FASHION

She runs a marathon in New York for all Afghan women who can’t


In August, the world watched in horror as the Taliban quickly seized the Afghan capital, Kabul, after the withdrawal of US troops, ending a 20-year occupation. Articles depict brutal, inhumane acts of violence; photos of Afghan civilians crowding the airport, desperate to flee Taliban rule, surfaced. But few were more surprised than Zahra *, a 29-year-old Afghan scientist and soon-to-be marathon runner who said goodbye to her home, friends and family in Afghanistan just five days earlier to pursue a master’s degree in finance at a university in New Hampshire.

“I never thought the Taliban would take over Kabul so soon,” she said. “It was shocking. When they first came to Afghanistan, I was a child. Now, as an Afghan woman in the United States, I do not feel the suffering that Afghan women are currently experiencing in Afghanistan. She stops to sigh, heavy with grief. “I am very lucky, but I also feel guilty.

Zahra was 4 years old when he experienced his first clash with the Taliban. It was 1996, the year in which the Islamic extremist group first rose to power and established what would later become a five-year regime. She remembers the moment – a burning memory that would shape the trajectory of her life – with incredible clarity: the motorcycles she rode (and to this day the spinning of motorcycles still fills her with horror), her father standing on a football field, captured and taken away as she looked helplessly into the distance. She rushed home to tell her mother and uncles what had happened. Their reaction was complete and utter distrust, and they were left with only one question: What should we do now? Fundraising. The Taliban wanted money.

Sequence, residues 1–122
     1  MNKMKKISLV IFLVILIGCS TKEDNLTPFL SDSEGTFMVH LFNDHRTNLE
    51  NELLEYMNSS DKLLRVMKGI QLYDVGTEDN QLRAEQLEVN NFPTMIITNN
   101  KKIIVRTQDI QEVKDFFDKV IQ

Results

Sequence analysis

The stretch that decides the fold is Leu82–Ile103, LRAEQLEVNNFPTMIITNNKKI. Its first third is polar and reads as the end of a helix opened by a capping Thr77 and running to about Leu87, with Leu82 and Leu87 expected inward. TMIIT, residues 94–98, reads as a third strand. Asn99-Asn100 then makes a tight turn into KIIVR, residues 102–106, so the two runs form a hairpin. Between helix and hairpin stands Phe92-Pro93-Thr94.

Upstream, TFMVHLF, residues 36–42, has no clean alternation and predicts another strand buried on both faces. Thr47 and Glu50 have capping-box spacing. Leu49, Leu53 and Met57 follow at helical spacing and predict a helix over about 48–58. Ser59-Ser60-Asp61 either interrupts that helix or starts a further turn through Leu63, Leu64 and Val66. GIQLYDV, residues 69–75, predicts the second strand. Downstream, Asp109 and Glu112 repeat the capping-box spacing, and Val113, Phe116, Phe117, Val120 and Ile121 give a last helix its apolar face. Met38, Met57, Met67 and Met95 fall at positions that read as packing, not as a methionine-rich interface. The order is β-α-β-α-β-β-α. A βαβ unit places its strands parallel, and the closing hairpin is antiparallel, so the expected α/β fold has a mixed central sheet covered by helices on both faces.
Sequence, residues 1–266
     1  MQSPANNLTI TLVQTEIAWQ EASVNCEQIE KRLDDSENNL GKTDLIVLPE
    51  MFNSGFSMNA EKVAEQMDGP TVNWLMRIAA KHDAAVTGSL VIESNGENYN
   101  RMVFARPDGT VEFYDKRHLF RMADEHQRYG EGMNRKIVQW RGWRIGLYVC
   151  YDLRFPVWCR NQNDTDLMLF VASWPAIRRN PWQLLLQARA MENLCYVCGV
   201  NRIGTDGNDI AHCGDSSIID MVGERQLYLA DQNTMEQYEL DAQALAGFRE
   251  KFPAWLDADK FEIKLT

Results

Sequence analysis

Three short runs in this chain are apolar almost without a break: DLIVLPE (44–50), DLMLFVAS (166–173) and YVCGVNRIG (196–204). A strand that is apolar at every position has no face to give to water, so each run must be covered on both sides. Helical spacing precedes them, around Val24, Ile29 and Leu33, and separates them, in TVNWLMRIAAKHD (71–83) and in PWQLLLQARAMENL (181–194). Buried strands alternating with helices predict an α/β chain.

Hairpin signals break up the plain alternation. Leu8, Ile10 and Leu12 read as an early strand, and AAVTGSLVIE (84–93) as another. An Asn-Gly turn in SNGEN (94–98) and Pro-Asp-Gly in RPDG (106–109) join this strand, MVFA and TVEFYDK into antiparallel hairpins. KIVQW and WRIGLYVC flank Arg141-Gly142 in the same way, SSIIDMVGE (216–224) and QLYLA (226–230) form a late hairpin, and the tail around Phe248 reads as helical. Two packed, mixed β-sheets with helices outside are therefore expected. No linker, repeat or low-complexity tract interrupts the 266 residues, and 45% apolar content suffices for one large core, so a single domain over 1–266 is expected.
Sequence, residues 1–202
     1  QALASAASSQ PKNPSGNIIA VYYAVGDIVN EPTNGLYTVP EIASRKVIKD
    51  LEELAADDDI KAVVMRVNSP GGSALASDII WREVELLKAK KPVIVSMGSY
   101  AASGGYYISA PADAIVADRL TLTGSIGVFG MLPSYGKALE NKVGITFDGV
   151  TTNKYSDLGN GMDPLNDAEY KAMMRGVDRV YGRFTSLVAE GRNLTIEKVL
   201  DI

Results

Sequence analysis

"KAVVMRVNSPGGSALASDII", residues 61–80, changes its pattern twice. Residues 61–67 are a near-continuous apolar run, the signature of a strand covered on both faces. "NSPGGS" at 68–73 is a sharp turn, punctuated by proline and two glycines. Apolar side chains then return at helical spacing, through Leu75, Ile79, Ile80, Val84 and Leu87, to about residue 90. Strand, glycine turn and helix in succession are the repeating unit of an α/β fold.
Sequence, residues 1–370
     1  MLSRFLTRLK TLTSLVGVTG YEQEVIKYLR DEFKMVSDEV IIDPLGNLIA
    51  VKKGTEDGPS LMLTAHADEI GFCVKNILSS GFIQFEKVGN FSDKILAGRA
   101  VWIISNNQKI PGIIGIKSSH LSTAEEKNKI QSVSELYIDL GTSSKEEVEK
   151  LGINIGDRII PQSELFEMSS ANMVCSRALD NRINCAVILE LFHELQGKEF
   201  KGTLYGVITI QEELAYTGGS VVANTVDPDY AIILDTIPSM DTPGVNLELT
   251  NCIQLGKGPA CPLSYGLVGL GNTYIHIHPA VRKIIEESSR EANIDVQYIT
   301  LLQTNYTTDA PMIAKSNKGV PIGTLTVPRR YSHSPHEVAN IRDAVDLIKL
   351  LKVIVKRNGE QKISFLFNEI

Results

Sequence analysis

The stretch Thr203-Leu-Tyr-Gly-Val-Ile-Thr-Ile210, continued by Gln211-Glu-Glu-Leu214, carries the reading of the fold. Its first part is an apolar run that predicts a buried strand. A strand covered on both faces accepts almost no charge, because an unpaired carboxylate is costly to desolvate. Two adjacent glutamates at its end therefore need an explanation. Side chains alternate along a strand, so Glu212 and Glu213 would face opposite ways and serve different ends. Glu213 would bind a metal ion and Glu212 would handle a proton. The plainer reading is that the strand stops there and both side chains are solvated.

“We sold everything to free my father – we sold everything we had. We wanted our father to return, “said Zahra, who explained that as Khazars, a minority ethnic group living in the Dasht-e-Barchi area of ​​Kabul, they have long faced persecution. “When my father was released three months later, his body was covered with beatings – torture. He lost his legs because of this and now my father can’t walk properly.

After her release, her father was adamant that they were leaving the country altogether. So the whole family – Zahra, her mother and father and her two older brothers – got into a car and drove for two days until they reached Pakistan, where they started life from scratch. It was here that Zahra, 4 years old, and her two brothers (ages 6 and 8) spent their days from morning to night weaving carpets to earn money for the family. When she was 6, she started going to school during lunch. During those two hours, in a classroom with 20 other students of all ages, she learned math (her favorite subject) and English.